Friday, November 12, 2010

Correspondence with a Gay Friend

This is my latest response to my gay friend’s blog:

Asking me to surrender the “history’s-verdict-against-homosexual-behavior” argument is like asking a diva to surrender her song. My primary concern is to demonstrate that there has always been an overwhelming price to pay for same-sex sex, whatever the culture, whatever the time and even whatever the degree of social acceptability it has achieved.

Admittedly, some of my argumentation is weak. History doesn’t pass on many numbers/stats regarding homosexuality’s physical, emotional, and social down-side, but it does give us some idea of the extensive chorus of voices raised up against this practice. Is it simply a matter of the fact that all the major religions and societies have largely forbidden this practice merely out of prejudice, or because of the perceived destruction brought on by this institution? We might also ask the question why has adultery (even in male dominated societies) and pedophilia been universally forbidden? Isn’t it because of the havoc they have wrecked on the family and consequently on society!

Moreover, this proscription agrees with all our other data. You might call studies, such an Ulwin’s, “antiques” of history, but this is just what history is! The antiquity of their investigation makes them no less valid!

Although we both agree that homosexuality has a long history, I’ve challenged you to show me what personal or social good has come out of it. There are a number of ways that you could possibly make your case. We find churches on every corner of the city. Their members boast that their churches have raised up their grandparents, parents and now their children. They have fed the poor and visited the sick. Where are the gay institutions which have a long-standing reputation as beacons in their communities? Can you find them in any nation?

It was the church that started our hospitals and our Harvards, Princetons, Yales, Dartmouth and Browns as Bible schools. Where are the venerable gay institutions?

Looking at families – what happens when traditional sexual taboos are violated (where sons sex their mothers or fathers their sons and daughters or brothers sex their brothers)? And why shouldn’t what is potentially very pleasurable – free sexuality – be universally promoted? It is almost inevitable that when these taboos are violated, there are severe consequences.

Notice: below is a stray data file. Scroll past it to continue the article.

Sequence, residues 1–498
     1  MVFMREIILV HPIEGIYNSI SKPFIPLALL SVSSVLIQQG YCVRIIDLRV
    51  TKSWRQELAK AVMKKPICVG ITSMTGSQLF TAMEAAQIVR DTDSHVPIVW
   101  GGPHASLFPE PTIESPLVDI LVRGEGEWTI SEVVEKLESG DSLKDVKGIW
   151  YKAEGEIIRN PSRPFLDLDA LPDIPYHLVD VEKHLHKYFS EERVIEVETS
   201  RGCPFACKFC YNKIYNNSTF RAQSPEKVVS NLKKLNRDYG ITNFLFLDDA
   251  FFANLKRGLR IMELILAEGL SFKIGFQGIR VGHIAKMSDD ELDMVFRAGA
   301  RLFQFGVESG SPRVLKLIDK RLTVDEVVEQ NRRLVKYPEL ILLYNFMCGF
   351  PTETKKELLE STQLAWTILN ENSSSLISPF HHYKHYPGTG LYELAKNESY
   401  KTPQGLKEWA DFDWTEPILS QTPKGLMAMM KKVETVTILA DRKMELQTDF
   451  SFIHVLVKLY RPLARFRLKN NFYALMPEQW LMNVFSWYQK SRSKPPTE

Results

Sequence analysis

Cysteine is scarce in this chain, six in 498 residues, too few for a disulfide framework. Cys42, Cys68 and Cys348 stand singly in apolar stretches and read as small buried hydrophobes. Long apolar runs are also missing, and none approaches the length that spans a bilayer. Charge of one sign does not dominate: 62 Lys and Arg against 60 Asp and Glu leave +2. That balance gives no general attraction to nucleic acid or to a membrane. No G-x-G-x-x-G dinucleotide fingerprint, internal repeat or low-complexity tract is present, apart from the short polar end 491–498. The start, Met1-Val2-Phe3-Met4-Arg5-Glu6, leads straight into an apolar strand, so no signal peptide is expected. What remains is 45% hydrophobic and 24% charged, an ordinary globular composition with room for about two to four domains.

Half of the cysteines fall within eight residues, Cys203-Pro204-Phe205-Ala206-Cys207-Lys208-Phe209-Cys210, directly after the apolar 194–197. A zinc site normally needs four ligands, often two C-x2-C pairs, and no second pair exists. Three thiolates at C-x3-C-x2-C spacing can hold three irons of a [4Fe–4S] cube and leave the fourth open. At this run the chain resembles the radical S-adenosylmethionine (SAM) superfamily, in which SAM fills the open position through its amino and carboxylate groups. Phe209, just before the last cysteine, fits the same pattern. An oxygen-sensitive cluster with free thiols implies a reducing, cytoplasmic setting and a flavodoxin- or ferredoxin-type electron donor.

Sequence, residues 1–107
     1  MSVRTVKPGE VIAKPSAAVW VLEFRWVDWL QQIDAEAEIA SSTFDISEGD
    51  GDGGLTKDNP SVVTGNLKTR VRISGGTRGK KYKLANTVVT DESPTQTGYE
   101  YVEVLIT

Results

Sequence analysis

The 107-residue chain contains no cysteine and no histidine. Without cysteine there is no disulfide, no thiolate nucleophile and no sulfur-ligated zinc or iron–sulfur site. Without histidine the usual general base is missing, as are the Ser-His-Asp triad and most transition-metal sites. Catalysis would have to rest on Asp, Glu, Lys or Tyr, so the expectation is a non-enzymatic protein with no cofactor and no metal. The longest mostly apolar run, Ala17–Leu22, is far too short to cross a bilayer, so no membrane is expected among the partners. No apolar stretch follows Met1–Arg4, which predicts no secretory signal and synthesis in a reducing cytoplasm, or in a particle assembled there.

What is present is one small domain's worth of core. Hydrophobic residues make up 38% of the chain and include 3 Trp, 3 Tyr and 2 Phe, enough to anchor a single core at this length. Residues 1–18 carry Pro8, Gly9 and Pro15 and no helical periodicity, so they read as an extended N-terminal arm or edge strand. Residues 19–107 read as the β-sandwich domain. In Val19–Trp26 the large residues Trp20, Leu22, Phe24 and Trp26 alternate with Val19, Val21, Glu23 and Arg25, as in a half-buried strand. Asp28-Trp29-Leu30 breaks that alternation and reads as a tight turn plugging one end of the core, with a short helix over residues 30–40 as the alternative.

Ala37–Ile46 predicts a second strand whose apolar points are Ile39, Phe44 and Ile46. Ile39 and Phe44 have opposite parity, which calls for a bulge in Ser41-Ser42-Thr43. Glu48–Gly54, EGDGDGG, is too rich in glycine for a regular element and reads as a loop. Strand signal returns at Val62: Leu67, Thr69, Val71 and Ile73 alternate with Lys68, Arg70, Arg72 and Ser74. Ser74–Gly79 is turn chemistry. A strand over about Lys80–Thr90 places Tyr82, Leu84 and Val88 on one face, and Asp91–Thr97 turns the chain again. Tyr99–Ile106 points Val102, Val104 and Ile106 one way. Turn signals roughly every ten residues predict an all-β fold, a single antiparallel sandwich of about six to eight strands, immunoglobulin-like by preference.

We find these consequences prevalent in the gay community. We need go no further than their diminished lifespan. However, we also note the psychological torment that so many gays carry within themselves. I had mentioned the gay man who wanted to lash out at the churches, because they were unwilling to endorse his lifestyle. This is a response characteristic of many gays. When gay marriage was voted down in NY congress, gay organizations wanted to get names and addresses of those congressmen who had voted against this bill in order to intimidate.

We also saw this very same thing in the wake of the passage of Proposition 8 in California. Gay groups obtained the names of those had promoted the bill and launched a campaign of intimidation and vandalism and them. Why?

When I was a parole officer, I had an overwhelming number of parolees in one particular town – a welfare town that had more bars per capita than any other town. However, there was an oddity about these town-folk that outsiders couldn’t help noting. They would always inform you about how proud they were of their town – a pride in stark contrast with its decaying streets and the drugged-up population. Clearly, their “pride” was no more than obstinate, corporate denial.

GLBT people are clearly conflicted and tormented, living in a way that violates their human nature. It is also clear that they try to drown-out this torment through denial and assertions of “gay pride.”

I can understand this. I too had been tormented by tsunamis of guilt and shame. I therefore resented those who I “perceived” regarded me with the disdain with which I secretly indicted myself. Subsequently, I’ve come to see that,

• “Fear of man [his opinions] will prove to be a snare, but whoever trusts in the LORD is kept safe.”
(Proverbs 29:25)

As I’ve grown to trust in my Savior and in the confidence in His love and forgiveness – His comforting opinions of me – I’ve gained a freedom from what others might think of me.

Please try an experiment! Jesus had proclaimed that if anyone wanted to know the truth, this person should try doing His will (John 7:17). Here’s what His will is about:

• “He who conceals his sins does not prosper, but whoever confesses and renounces them finds mercy.”
(Proverbs 28:13-14)

None of us are perfect – miles from it – and so we ALL need a Savior who will mercifully love and forgive us. And we must come on His terms, as little children!

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